Thanksgiving was ruined last year for Phillpotts and his family after the unexpected happened, and fluid from his nose ran into the food.
"I was preparing a meal and standing in the kitchen, and it just added itself to the ingredients," said Phillpotts, who moved to North Carolina two years ago from New York after his wife retired. "It screwed up the whole dinner. You could be anywhere. You could be on the airplane. You could be talking to anybody, and this thing just drains out of your face."
Phillpotts initially thought it was allergies, and then, various doctors diagnosed him with pneumonia and bronchitis.
"I was stuffing tissues up my nose," he said. "It became normal up until February, because I was up all night coughing. You're sitting here. You're a family man. You don't want to check out of the picture when it's something someone could readily fix."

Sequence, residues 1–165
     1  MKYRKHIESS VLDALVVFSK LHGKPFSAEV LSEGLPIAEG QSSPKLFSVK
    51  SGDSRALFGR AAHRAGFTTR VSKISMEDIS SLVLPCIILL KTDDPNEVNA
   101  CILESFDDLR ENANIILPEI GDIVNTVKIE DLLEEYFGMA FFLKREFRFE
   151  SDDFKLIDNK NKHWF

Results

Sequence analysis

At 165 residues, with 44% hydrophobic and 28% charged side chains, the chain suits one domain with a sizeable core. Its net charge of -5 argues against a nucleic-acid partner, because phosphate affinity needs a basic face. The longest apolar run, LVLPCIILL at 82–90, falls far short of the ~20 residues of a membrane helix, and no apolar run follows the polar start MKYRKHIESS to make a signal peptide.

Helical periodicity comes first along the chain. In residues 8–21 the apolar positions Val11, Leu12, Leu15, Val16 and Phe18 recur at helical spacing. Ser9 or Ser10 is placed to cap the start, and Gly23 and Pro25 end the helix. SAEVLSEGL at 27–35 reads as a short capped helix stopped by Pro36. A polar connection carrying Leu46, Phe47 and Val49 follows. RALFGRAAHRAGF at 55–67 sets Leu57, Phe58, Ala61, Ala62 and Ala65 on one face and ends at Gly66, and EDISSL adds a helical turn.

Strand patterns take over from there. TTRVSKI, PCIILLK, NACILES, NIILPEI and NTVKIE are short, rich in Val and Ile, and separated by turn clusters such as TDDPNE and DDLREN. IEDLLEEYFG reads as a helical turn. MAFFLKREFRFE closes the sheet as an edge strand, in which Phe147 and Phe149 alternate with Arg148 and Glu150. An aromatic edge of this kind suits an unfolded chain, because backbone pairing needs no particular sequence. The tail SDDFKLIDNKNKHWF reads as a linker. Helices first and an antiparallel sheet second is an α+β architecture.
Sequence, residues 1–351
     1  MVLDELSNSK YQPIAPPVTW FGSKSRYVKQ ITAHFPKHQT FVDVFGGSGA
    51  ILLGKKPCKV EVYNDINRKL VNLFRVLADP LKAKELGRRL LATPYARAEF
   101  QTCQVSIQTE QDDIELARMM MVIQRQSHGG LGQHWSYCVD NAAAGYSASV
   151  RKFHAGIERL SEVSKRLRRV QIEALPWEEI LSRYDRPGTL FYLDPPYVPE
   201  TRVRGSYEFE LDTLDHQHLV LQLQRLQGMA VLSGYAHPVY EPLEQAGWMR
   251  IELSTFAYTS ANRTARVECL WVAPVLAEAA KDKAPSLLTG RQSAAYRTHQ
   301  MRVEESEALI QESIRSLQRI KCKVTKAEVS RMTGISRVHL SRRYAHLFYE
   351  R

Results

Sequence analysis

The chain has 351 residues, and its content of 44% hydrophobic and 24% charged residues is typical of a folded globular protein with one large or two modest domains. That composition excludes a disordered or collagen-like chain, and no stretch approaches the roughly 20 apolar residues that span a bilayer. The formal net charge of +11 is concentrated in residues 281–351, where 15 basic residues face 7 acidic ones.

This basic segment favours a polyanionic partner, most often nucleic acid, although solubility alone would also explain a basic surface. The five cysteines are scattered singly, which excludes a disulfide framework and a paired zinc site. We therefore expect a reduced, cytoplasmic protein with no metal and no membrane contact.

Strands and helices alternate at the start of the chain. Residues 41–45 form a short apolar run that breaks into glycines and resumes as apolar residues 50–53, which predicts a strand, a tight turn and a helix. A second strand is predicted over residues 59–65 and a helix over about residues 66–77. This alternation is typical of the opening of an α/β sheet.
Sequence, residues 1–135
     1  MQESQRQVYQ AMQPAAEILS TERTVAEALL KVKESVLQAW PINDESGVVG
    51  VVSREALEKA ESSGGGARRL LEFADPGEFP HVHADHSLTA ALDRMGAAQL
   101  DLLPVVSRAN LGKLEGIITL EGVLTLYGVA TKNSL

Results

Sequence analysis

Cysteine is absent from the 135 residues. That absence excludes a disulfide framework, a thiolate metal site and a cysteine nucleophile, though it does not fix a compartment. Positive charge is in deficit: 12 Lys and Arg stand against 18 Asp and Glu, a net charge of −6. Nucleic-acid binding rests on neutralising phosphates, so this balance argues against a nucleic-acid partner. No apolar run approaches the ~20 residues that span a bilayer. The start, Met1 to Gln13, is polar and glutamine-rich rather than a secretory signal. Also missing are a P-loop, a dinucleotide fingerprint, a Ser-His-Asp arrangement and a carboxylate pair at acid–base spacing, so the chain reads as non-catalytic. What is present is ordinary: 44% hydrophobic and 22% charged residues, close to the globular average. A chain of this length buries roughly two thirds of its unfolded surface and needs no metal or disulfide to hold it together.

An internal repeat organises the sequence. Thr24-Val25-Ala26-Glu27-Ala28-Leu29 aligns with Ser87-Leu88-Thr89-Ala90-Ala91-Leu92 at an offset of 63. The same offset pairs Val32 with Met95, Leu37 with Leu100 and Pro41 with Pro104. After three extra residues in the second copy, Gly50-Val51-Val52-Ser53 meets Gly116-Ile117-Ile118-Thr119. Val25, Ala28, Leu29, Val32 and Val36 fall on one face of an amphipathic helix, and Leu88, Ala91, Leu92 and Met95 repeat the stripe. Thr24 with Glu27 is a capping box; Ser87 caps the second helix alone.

Finally, he saw Dr. Alfred Iloreta at Mount Sinai Hospital in New York. They learned quickly it was a cerebrospinal fluid leak.
"It's the leakage of fluid that surrounds the brain to cushion it primarily to protect it from shock or trauma or anything like that," Dr. Iloreta said. "Sometimes when you have this leakage of the fluid from the brain, it can evolve into what we call an ascending infection. So bacteria can travel from the nose to the brain resulting in meningitis."
Doctors performed minimally invasive skull surgery using a flap of tissue harvested from Phillpotts' body to correct the problem.
"Have you ever been so congested that you can't breathe?" Phillpotts said. "All of sudden you can breathe again, and what a relief that was."
Dr. Iloreta said to watch out if you have a runny nose on one side of your nostril, especially if there's a salty taste and it comes with an intense headache.
It could be more than just a runny nose.
* Follow us on YouTube
* More local news
* Send us a news tip
* Download the abc7NY app for breaking news alerts